(M) Directed by Ron Howard
Starring Chris Hemsworth, Cillian Murphy, Brendan Gleeson

by Ben McEachen

What the world didn't seem too fussed with knowing more about was the true story behind epic tome Moby Dick. But Ron Howard still set cinematic sail with the doomed 1820s voyage of whale-ship The Essex. The wash-up is a nautical yawn, as stodgy storytelling and modern intrusions dilute hope of making a splash.

Unlike author Herman Melville's famous if hard-going read about the rabid hunt for a white whale, The Essex wasn't steered by obsessed Captain Ahab. As recounted to Melville (Ben Whishaw) by surviving shipmate Thomas (Brendan Gleeson), The Essex was led by a greenhorn captain, George Pollard (wet Benjamin Wallker). Cue stereotypical issues with decision making and respect, especially as first mate Owen Chase (stoic Chris Hemsworth) is a whale whisperer.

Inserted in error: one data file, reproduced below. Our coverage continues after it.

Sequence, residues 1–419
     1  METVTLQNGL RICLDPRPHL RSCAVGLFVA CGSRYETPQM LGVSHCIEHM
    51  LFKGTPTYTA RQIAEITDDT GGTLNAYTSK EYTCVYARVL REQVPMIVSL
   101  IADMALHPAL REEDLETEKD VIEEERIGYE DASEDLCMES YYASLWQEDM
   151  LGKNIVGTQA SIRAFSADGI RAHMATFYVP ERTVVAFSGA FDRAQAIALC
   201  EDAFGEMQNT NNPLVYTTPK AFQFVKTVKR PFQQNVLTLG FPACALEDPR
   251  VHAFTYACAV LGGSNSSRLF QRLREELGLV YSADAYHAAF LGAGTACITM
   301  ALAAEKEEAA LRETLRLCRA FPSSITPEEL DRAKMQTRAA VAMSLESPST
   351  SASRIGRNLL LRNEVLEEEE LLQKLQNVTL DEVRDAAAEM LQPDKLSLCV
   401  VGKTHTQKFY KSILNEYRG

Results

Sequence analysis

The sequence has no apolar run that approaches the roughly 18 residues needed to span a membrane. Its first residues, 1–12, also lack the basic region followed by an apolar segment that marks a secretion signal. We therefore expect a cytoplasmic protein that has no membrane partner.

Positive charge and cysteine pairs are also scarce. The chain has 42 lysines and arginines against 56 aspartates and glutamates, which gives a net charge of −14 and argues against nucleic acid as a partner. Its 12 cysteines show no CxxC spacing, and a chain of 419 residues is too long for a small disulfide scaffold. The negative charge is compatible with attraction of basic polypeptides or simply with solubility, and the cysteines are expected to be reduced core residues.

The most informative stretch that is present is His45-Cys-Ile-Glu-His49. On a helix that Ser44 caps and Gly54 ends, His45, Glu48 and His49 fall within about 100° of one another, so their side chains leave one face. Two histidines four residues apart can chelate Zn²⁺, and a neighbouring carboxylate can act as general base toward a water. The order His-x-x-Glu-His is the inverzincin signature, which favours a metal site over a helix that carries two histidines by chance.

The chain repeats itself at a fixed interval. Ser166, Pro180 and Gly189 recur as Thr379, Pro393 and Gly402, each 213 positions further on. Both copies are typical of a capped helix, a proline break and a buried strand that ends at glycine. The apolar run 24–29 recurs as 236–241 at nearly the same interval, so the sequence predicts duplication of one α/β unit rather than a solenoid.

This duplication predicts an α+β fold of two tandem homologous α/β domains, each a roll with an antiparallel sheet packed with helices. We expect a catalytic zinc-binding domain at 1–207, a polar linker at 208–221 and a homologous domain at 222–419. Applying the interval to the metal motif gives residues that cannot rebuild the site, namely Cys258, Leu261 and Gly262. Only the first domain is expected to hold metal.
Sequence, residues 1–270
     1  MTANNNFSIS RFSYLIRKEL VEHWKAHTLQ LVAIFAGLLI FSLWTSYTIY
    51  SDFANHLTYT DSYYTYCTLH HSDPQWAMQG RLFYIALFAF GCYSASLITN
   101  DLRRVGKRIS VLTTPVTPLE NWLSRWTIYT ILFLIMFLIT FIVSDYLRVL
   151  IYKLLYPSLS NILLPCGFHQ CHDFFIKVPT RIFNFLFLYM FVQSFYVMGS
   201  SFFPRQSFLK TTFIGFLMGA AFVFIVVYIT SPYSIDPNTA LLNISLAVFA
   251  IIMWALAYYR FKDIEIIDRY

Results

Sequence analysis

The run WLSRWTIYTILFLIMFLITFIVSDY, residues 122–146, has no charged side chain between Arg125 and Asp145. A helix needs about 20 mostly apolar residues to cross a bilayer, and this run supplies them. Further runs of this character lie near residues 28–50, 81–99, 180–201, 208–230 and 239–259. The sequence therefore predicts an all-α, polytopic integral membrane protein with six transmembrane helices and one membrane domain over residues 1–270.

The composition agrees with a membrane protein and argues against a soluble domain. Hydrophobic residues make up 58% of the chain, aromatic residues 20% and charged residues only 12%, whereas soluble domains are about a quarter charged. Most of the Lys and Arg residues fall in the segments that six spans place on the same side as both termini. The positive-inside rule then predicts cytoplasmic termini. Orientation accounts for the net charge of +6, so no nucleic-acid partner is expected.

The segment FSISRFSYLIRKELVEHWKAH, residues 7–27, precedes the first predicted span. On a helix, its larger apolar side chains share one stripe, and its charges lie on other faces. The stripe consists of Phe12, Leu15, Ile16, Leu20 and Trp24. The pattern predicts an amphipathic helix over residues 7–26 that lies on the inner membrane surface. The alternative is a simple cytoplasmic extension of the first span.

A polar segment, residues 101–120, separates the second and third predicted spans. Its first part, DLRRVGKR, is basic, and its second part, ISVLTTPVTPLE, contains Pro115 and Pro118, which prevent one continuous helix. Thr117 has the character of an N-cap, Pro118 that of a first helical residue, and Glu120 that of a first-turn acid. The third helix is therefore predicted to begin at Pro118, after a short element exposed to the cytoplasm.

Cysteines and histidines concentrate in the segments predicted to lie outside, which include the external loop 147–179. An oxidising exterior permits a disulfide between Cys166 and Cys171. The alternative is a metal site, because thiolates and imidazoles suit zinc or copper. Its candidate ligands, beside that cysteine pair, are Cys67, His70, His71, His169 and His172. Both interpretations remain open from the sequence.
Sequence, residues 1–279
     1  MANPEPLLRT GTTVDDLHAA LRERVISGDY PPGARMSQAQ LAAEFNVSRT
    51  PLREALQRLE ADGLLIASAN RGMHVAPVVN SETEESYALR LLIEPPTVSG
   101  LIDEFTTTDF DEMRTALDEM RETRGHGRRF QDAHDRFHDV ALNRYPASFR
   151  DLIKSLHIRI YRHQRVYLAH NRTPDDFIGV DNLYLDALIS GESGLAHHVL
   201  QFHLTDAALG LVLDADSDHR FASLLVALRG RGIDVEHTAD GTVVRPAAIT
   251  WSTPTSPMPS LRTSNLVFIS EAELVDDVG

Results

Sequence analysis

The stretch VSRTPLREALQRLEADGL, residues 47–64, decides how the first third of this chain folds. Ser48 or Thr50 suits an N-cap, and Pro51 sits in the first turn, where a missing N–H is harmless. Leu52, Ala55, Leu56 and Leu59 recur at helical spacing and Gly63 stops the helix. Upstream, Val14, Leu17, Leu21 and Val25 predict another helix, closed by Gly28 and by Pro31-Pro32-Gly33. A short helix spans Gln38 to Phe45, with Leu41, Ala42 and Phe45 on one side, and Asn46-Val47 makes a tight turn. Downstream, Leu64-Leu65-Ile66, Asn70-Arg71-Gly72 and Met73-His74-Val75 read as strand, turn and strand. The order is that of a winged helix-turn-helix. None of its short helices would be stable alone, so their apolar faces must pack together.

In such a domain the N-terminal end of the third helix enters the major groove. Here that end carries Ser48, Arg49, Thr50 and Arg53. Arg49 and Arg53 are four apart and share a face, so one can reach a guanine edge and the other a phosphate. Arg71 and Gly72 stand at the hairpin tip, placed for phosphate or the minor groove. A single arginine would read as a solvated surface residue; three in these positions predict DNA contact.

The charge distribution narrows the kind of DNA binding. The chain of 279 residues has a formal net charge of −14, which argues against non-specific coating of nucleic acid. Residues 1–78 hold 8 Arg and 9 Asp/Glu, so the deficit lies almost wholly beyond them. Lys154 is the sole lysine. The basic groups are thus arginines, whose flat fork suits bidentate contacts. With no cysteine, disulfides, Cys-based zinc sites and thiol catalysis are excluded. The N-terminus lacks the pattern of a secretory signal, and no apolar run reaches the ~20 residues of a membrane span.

If none of that hoists your mainsail, Howard's aimless adventure won't either. Moby Dick's heartbeat of crazed pursuit is nowhere in sight. Instead, step aboard for maritime standards (Stormy weather! Splintering masts!) in a limp tale of survival whose “dark secret” only will shock anyone troubled by logic.

As we drift in no gripping direction, perhaps the biggest blunder is the 1820s whalemen becoming spokesmen for contemporary environmental concerns. Such a forced anachronism cements the disappointing pointlessness of Howard's fishing trip.

This review was originally published by Rolling Stone. Click here to check it out.